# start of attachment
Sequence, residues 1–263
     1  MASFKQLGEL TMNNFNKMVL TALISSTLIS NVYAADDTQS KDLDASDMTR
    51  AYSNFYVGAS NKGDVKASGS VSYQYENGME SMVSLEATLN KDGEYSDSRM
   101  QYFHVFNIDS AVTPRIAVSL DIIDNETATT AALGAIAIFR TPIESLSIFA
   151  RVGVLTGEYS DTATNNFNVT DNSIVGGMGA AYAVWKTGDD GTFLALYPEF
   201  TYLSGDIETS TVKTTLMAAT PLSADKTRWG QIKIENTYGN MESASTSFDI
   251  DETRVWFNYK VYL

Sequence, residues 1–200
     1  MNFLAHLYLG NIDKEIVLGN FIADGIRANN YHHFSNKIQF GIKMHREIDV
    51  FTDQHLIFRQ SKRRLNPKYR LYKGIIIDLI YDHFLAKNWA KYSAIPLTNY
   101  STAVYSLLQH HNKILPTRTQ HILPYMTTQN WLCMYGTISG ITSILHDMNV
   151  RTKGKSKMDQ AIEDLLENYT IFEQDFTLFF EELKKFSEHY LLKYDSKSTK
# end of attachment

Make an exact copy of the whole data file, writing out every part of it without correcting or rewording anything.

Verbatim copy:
Sequence, residues 1–263
     1  MASFKQLGEL TMNNFNKMVL TALISSTLIS NVYAADDTQS KDLDASDMTR
    51  AYSNFYVGAS NKGDVKASGS VSYQYENGME SMVSLEATLN KDGEYSDSRM
   101  QYFHVFNIDS AVTPRIAVSL DIIDNETATT AALGAIAIFR TPIESLSIFA
   151  RVGVLTGEYS DTATNNFNVT DNSIVGGMGA AYAVWKTGDD GTFLALYPEF
   201  TYLSGDIETS TVKTTLMAAT PLSADKTRWG QIKIENTYGN MESASTSFDI
   251  DETRVWFNYK VYL

Sequence, residues 1–200
     1  MNFLAHLYLG NIDKEIVLGN FIADGIRANN YHHFSNKIQF GIKMHREIDV
    51  FTDQHLIFRQ SKRRLNPKYR LYKGIIIDLI YDHFLAKNWA KYSAIPLTNY
   101  STAVYSLLQH HNKILPTRTQ HILPYMTTQN WLCMYGTISG ITSILHDMNV
   151  RTKGKSKMDQ AIEDLLENYT IFEQDFTLFF EELKKFSEHY LLKYDSKSTK